Trio of winter events bring Anchorage alive
Three. There’s something magical about that number, and strangely enough, it factors into a lot of fun in Alaska later this month and in early March.
Anchorage has a classic trio of winter events: Anchorage Fur Rendezvous, the Iditarod Trail Sled Dog Race and the Tour of Anchorage. The whole city seems a little more exciting, a little more fun as the crowds build for each event.
Things get going in late February with a long-running favorite: 2014 marks the 79th year of Anchorage Fur Rendezvous. It started in the 1930s as a few days of fun, mainly in the form of sporting events. Over the decades, it has snowballed into a celebration that rolls together the frenetic Running of the Reindeer, snowshoe softball, team snowball fights and outhouses races. There’s plenty of fun in the snow, but the Jim Beam Jam, Miners & Trappers Charity Ball and the Charlotte Jensen Alaska Native Arts Market prove that Alaska at this time of year isn’t just about the outdoors. www.furrondy.net
Few events are as synonymous with Alaska as the Iditarod. Anchorage hosts the ceremonial start on the first Saturday of March every year. Dogs, sleds and handlers take over for the morning. No description does it justice, so come Downtown and get swept up in the excitement of the start at the start line at Fourth Avenue and D Street. Those dogs are amped up and ready to run. And the booming countdown – 3, 2, 1, Go! – will echo in your memory.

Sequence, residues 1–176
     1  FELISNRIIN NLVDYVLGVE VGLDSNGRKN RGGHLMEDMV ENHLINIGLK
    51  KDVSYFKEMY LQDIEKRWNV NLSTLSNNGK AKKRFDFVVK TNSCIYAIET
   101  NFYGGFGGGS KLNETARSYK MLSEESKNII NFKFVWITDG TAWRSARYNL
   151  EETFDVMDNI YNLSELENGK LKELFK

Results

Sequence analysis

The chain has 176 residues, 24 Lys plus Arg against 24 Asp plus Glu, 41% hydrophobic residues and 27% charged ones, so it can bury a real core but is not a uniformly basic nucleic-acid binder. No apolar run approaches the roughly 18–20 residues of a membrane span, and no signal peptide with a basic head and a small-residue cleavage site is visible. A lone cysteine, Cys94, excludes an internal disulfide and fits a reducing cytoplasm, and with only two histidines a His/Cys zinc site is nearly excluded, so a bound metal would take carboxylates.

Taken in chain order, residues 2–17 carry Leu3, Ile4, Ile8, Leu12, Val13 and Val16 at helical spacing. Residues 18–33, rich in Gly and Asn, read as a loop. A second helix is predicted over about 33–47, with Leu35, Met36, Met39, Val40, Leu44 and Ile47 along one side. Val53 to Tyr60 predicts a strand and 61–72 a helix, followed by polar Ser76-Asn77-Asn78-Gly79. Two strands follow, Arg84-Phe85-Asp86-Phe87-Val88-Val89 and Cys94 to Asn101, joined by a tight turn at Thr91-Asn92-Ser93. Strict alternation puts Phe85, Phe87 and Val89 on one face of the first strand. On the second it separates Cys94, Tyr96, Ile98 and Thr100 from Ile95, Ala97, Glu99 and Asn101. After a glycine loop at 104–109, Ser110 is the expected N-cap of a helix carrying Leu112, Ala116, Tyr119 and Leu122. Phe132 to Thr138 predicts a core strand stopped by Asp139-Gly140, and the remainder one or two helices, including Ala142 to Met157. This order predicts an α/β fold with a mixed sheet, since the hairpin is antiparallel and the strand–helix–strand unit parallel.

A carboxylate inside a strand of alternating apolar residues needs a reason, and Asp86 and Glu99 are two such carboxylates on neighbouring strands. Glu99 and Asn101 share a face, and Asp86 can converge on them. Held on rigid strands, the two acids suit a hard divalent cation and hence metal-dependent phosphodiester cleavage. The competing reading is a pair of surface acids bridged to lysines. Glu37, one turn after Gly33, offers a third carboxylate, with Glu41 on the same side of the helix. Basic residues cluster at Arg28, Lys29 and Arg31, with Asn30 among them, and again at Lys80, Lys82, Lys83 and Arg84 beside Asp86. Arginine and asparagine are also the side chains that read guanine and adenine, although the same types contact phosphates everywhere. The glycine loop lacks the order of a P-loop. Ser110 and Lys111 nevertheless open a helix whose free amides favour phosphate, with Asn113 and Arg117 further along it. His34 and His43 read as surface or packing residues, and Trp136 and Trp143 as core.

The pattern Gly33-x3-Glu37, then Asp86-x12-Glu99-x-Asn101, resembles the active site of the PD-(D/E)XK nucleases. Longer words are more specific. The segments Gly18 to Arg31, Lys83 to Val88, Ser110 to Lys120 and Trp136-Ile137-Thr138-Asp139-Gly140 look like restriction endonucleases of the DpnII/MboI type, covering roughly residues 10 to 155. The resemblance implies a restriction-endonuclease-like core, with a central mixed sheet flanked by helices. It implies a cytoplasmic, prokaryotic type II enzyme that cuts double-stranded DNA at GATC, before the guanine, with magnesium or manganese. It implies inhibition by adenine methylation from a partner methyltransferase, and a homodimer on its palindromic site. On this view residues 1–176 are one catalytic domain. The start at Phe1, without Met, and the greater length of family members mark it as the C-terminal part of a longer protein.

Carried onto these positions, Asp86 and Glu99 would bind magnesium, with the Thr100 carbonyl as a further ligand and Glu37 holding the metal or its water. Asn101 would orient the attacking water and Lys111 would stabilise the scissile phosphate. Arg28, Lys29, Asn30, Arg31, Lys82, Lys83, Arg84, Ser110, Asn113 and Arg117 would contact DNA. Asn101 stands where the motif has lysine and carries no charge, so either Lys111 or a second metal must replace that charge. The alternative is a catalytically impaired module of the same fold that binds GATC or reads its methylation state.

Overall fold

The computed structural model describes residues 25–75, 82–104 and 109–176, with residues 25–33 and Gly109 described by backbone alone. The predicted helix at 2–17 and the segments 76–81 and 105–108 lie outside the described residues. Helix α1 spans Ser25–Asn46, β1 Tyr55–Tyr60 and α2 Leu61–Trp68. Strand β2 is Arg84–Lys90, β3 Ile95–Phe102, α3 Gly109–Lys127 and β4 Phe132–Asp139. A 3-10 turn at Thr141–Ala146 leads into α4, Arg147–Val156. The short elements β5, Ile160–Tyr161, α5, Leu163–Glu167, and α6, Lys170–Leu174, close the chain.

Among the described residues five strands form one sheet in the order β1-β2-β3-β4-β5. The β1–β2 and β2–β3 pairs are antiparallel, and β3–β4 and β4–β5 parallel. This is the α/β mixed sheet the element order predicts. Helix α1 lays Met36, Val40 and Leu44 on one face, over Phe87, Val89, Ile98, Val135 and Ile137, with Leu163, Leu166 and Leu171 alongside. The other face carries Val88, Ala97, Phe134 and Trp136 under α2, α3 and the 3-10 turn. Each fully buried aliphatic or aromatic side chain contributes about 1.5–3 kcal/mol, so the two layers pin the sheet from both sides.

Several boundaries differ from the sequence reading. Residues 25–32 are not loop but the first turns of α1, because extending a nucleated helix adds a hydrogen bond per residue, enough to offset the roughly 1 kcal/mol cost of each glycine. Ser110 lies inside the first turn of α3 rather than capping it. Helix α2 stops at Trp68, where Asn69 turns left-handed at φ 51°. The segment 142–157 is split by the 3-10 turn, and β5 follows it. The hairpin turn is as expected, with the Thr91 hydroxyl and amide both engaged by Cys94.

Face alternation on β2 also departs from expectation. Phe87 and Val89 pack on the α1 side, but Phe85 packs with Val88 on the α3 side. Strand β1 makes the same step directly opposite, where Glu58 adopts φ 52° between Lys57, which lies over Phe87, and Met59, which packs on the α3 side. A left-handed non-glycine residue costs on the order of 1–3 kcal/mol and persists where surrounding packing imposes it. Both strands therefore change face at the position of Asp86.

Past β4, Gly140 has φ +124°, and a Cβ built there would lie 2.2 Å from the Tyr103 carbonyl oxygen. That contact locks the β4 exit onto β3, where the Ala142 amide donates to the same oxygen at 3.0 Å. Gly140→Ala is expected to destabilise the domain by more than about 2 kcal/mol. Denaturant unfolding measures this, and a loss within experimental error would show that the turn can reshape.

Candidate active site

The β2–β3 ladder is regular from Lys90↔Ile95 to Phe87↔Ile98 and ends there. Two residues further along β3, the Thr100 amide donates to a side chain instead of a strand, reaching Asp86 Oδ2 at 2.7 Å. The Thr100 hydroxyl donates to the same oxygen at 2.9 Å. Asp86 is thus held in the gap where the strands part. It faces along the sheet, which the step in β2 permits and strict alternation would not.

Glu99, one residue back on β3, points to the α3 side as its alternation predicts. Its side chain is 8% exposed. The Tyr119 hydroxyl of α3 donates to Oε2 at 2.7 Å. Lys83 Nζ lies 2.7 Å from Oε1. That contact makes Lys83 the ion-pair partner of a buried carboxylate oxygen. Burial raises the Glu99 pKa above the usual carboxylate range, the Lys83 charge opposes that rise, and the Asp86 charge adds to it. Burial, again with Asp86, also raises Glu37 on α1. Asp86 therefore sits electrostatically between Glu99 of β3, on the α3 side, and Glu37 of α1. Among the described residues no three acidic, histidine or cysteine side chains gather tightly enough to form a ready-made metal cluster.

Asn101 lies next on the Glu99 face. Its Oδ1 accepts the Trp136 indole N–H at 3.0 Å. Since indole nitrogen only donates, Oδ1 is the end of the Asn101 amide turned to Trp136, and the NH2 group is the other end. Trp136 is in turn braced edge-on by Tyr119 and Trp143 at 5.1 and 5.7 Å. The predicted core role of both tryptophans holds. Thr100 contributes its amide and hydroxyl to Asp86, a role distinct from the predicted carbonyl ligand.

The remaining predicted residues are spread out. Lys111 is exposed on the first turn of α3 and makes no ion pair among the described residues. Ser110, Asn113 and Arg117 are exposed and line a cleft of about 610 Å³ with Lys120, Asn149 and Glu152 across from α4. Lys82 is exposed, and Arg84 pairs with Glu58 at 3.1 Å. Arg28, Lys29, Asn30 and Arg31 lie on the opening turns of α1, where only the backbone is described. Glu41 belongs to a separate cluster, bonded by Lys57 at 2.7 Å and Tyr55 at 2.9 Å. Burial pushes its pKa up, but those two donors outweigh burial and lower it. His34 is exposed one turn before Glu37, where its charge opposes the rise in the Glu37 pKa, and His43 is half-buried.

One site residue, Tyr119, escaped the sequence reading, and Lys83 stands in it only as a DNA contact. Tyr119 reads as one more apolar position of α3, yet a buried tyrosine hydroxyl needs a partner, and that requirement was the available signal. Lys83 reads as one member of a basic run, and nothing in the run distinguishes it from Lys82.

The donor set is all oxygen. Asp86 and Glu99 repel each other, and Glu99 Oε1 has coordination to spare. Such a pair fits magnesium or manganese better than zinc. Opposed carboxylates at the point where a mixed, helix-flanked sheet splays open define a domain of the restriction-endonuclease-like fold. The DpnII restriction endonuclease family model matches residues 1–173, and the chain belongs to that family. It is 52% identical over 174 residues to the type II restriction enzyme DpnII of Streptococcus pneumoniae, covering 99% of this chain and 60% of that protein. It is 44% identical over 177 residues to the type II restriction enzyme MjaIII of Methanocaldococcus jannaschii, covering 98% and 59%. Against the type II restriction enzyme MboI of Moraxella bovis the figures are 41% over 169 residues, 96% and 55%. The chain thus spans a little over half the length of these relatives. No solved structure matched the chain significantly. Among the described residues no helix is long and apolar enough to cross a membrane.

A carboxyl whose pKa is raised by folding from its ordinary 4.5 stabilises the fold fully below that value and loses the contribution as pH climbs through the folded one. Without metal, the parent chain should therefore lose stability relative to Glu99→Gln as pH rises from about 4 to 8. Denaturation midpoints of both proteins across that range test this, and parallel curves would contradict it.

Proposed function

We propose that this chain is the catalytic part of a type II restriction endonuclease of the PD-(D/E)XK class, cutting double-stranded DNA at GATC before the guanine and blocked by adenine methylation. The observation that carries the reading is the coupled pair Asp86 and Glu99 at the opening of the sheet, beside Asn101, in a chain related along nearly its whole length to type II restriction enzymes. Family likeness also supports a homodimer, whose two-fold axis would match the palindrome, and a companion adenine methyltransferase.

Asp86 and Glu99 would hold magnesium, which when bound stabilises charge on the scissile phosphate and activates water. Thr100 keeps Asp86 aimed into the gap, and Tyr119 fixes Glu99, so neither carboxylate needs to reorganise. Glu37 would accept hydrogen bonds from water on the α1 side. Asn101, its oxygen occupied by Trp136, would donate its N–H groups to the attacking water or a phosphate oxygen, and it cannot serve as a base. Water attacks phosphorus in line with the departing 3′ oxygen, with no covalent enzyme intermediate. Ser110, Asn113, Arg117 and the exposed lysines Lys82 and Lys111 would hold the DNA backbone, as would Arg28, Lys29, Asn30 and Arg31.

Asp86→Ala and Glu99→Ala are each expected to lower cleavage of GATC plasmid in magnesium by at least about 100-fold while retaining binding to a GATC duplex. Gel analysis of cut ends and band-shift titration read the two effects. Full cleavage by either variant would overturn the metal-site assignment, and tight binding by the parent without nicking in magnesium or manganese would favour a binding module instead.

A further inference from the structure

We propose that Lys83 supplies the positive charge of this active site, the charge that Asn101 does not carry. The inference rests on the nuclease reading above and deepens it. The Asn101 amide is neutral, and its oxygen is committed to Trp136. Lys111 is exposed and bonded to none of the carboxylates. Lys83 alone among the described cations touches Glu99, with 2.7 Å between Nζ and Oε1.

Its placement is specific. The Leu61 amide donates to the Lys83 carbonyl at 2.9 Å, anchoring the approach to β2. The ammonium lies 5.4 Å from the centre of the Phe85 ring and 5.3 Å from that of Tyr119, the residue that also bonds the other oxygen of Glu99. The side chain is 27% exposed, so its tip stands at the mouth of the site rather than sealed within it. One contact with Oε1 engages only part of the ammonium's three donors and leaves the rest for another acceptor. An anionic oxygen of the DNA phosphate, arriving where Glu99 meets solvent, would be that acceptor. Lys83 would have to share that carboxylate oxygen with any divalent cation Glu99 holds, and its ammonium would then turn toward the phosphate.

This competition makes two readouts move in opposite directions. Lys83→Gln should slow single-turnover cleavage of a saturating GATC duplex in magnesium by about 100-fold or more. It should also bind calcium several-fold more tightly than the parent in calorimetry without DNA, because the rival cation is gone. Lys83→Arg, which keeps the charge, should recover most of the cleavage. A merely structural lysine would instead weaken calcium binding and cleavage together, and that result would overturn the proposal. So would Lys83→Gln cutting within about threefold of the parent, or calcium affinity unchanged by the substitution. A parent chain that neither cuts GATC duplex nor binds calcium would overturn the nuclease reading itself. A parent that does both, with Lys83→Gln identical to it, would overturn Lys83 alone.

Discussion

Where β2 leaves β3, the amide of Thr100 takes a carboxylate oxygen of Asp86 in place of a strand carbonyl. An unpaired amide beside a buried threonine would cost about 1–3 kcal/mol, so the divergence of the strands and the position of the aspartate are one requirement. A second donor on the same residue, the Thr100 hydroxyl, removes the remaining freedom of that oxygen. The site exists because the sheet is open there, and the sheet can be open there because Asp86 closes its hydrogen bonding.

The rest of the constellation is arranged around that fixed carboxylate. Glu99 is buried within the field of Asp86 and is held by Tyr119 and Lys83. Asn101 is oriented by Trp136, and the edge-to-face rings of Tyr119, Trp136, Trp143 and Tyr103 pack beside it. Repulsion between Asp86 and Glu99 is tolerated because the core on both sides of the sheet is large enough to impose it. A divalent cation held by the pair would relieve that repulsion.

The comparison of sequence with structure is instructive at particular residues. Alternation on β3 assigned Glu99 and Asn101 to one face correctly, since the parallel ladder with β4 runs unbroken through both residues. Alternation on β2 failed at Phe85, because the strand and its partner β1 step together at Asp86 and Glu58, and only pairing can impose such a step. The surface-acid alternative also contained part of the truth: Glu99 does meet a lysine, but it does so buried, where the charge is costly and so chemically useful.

For a different take on Iditarod, duck into the woods farther along the trail. Once racers leave the start line, the day takes on a different tone, with people staking out a spot from which to wish racers luck, and catching up with neighbors in between sleds. There are few places where the connection between racers and their fans is so direct. www.iditarod.com
The Iditarod is barely down the trail when skiers take over for one of the biggest events in cross-country. The Tour of Anchorage is on March 2. It has been going strong since 1988, the winter after the Tony Knowles Coastal Trail was finished. With 25-, 40- and 50-kilometer courses, this is a tour of Anchorage in the truest sense. The longer races start at Service High, slide through Russian Jack Park, and down the Coastal Trail into Kincaid Park. It’s also one of the largest ski events in the country by number of participants. Elite skiers will duke it out for top times, but you don’t need to be a pro for the Tour. It is the perfect place to work on a personal goal, or arrange a casual competition with friends or family. This year, the tour dovetails with the 2014 National Masters, a national ski. Races for the Masters start Feb. 27 in Kincaid Park, and culminate in the Tour of Anchorage itself, which serves as the National Masters 2014 distance freestyle championship race. www.anchoragenordicski.com/tour_of_anchorage.html